How immigrants are redefining 'American' in Southern California

Immigration reform: Obama to sign executive order; Republicans won't 'stand idle'

Obama Immigration speech

Stuart Palley/ KPCC

Onlookers watch as President Obama is shown on a projector near the intersection of Alameda St. and the 101 freeway in downtown Los Angeles Thursday addressing the nation with reformed immigration policy. President Obama addresses the nation with reforms in immigration policy in downtown Los Angeles on Thursday Nov. 20, 2014.

President Barack Obama was in Las Vegas Friday to sign his executive order shielding from deportation millions of immigrants who are in the United States without authorization. While the order touches on almost every aspect of the immigration system – from immigration courts, to border security, to background checks — many details of how it will work are still unclear. Republicans, meanwhile, have said that the president's unilateral move was "damaging the presidency" and that the Republican-run House will not stand by. Sheriff Joe Arpaio in Arizona has already filed a lawsuit contending that Obama acted outside his constitutional authority.

Updates

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In immigration news: Obama to sign executive order, Secure Communities replaced, what's next for immigrants, more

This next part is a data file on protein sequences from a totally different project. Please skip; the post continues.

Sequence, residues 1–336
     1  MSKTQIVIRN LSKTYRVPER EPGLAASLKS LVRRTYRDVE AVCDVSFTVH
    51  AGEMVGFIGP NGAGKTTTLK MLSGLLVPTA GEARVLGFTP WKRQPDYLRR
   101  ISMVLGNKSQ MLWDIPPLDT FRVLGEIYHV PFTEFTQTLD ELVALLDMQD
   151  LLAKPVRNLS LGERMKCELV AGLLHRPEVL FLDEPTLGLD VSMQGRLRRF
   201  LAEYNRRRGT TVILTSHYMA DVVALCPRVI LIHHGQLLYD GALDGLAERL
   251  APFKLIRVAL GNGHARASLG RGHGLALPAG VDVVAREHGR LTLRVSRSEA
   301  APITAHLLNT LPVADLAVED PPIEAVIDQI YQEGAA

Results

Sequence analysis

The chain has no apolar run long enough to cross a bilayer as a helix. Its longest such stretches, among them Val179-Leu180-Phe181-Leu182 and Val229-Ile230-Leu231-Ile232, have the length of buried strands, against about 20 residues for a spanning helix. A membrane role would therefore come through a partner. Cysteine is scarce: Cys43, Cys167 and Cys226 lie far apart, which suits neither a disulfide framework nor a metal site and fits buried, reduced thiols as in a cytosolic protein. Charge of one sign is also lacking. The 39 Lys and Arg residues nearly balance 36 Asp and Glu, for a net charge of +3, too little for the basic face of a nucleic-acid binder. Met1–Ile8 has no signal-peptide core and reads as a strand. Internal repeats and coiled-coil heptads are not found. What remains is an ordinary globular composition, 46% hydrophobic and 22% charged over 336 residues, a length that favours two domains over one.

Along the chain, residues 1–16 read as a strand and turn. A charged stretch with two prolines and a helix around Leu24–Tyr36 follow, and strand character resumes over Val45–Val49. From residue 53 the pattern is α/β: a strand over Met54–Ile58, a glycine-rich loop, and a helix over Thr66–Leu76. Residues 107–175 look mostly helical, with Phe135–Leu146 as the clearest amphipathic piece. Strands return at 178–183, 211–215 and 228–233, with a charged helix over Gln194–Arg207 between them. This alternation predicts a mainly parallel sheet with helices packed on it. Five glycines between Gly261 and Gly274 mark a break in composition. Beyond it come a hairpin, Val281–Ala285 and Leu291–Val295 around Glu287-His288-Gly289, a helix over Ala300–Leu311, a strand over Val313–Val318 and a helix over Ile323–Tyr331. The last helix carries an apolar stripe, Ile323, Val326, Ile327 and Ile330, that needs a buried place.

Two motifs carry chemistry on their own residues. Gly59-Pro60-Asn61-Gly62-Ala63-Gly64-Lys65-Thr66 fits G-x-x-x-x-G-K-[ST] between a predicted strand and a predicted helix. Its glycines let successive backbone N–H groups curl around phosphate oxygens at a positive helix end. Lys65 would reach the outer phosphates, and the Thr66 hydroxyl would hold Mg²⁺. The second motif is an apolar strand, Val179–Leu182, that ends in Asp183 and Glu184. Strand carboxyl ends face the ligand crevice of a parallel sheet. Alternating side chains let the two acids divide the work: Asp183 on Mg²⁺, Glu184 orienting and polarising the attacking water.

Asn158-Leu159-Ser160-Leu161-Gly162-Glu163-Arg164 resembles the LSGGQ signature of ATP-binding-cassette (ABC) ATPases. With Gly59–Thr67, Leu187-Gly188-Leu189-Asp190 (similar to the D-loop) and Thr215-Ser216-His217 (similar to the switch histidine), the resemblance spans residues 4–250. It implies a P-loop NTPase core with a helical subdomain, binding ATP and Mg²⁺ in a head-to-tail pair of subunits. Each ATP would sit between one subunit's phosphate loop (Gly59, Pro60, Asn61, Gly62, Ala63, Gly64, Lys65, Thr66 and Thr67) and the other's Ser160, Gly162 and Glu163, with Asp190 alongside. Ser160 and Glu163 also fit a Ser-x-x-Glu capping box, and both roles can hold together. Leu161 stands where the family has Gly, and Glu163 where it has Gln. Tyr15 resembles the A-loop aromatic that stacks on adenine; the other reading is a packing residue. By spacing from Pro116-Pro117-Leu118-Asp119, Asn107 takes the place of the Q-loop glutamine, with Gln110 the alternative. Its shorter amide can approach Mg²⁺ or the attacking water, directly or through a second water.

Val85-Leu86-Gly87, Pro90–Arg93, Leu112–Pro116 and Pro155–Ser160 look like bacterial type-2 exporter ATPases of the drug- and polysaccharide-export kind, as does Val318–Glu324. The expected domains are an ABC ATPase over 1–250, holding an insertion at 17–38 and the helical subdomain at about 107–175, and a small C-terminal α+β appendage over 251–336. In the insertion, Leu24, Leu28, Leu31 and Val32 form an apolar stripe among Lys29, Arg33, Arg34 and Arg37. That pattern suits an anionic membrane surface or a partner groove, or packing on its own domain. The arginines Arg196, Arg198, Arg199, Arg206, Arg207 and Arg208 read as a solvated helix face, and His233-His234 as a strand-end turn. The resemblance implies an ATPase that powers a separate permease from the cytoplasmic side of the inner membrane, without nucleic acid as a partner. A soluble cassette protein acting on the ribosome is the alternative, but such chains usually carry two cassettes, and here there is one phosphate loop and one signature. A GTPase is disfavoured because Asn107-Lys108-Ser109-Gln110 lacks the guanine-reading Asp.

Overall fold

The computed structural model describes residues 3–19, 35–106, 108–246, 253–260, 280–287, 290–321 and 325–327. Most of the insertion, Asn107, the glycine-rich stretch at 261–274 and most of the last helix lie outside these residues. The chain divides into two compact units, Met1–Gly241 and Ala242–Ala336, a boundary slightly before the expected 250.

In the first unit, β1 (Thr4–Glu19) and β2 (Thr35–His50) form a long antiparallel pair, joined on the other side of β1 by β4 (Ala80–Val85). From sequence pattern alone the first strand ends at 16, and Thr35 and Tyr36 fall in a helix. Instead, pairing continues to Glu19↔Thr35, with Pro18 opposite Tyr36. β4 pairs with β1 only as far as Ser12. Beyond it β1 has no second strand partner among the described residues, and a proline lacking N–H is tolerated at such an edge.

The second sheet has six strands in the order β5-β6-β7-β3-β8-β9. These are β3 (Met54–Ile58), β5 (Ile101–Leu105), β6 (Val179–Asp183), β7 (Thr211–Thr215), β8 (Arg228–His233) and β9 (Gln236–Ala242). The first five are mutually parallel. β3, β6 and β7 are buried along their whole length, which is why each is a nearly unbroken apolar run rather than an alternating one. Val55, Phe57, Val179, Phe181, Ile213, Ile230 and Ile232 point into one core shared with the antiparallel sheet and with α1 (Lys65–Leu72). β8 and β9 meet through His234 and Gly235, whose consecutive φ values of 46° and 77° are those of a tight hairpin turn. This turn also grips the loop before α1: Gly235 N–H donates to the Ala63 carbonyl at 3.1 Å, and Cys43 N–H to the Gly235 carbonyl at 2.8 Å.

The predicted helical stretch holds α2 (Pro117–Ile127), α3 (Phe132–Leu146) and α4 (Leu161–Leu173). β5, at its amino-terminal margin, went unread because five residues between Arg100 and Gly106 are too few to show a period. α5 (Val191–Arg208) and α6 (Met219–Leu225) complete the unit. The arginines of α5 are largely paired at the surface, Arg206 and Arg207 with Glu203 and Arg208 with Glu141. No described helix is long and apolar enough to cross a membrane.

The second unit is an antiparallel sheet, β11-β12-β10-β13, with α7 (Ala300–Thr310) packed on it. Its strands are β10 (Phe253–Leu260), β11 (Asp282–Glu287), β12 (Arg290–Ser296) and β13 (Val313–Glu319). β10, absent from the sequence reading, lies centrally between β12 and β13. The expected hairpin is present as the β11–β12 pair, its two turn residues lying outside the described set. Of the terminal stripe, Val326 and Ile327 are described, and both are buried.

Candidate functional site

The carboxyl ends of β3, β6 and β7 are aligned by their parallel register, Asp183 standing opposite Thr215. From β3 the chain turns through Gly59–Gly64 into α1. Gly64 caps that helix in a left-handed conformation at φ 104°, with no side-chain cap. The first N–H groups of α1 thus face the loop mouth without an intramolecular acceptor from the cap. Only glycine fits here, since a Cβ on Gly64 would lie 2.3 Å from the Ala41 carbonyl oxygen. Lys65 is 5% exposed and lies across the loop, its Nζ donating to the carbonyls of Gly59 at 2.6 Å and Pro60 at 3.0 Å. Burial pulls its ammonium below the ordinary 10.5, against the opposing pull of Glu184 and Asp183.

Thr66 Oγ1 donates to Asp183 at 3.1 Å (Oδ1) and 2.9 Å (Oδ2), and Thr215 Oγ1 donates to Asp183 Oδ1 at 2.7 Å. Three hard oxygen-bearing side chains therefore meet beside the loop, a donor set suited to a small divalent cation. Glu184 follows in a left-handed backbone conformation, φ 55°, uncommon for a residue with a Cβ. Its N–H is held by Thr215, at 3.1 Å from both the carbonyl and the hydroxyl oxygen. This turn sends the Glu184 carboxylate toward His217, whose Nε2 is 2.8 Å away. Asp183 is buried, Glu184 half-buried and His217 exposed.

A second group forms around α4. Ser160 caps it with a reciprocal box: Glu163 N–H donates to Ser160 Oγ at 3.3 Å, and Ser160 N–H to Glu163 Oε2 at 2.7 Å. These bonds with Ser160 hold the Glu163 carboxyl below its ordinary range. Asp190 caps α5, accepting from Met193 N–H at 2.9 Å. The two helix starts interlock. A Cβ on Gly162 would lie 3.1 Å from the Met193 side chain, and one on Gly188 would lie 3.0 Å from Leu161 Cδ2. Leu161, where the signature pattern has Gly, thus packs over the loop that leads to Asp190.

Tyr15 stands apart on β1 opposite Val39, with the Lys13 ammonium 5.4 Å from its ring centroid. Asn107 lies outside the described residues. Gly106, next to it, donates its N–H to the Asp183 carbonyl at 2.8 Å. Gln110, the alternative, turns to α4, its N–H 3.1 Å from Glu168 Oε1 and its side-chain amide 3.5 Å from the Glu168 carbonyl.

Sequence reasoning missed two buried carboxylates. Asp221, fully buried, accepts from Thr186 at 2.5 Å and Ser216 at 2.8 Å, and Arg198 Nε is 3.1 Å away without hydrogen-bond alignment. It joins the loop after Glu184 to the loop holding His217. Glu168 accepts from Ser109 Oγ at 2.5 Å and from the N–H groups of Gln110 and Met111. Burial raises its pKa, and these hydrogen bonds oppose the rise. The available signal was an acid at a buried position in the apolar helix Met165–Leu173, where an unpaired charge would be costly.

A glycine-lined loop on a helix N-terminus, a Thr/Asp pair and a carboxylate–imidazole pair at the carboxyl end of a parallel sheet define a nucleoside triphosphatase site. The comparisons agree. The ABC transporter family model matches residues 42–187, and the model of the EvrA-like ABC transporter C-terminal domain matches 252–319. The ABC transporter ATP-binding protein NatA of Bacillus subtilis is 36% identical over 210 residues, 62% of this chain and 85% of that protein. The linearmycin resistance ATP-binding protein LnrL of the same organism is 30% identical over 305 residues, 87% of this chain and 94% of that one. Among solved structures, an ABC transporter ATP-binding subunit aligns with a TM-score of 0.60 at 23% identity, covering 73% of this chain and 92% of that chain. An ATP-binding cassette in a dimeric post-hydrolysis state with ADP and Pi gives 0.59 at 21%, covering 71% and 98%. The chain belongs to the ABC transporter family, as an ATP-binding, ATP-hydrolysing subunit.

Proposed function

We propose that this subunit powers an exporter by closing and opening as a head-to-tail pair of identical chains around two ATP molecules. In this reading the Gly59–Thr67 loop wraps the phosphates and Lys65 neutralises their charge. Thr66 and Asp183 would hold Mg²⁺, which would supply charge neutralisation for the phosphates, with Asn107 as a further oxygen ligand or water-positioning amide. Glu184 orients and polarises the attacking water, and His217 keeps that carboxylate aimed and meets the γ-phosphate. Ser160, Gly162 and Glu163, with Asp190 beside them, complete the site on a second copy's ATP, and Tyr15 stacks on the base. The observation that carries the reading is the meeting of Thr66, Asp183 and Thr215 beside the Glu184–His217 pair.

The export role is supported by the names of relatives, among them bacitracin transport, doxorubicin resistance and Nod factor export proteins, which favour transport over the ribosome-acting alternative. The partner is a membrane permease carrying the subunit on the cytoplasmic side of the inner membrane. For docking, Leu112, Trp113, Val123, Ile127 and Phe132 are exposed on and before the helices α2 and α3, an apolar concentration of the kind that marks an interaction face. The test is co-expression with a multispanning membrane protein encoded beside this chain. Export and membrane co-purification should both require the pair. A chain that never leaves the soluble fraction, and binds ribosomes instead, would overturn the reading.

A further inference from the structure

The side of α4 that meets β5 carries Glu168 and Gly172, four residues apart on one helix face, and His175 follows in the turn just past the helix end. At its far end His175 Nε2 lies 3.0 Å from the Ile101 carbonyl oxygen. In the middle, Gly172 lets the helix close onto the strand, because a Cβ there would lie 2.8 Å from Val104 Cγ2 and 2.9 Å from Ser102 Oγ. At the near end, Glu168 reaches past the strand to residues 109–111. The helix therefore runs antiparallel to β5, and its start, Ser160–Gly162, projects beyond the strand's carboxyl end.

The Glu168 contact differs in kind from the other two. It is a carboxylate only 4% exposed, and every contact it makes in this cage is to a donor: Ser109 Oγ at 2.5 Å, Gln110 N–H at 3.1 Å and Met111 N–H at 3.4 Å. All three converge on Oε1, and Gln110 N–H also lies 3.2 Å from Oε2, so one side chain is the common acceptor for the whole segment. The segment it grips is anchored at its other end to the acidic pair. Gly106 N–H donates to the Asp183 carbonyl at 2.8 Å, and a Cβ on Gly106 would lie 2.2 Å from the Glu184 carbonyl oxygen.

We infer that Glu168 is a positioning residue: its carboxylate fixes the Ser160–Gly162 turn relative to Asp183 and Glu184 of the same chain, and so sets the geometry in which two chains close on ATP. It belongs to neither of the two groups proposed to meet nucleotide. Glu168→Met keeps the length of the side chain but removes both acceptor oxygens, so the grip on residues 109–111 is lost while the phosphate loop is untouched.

Obama immigration speech

Claude Daley/KPCC

The crowd outside the White House following President Obama's immigration speech Thursday night. Obama's executive order on immigration touches on almost every aspect of the immigration system, from deportation relief for millions to border security and the immigration courts.

Immigration reform: Obama to sign executive order; Republicans won't 'stand idle' - Southern California Public Radio From the story: "President Barack Obama is scheduled to arrive in Las Vegas Friday morning to sign his executive order shielding from deportation millions of immigrants who are in the United States without authorization. While the order touches on almost every aspect of the immigration system – from immigration courts, to border security, to background checks — many details of how it will work are still unclear."

7 Questions About The President's Immigration Plan Answered - NPR Answers to questions about President Obama's executive action on immigration, such as "Who is eligible for relief?" From the story: "There are two main groups: Parents of U.S. citizens or legal permanent residents (green card holders) of the U.S. for at least five years. The Migration Policy Institute estimates there are some 3.7 million unauthorized immigrants who meet those criteria.
Also, an expanded group of people who were brought to the U.S. illegally as children."

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FAQ: What you need to know about President Obama's executive order on immigration

President Obama Delivers Remarks On Executive Action Immigration Reform

Pool/Getty Images

WASHINGTON, DC - NOVEMBER 20: U.S. President Barack Obama announces executive actions on U.S. immigration policy during a nationally televised address from the White House, November 20, 2014 in Washington, DC. Obama outlined a plan on Thursday to ease the threat of deportation for about 4.7 million undocumented immigrants. (Photo by Jim Bourg-Pool/Getty Images)

President Barack Obama on Thursday announced he would act to shield from deportation millions of immigrants who are in the United States without authorization.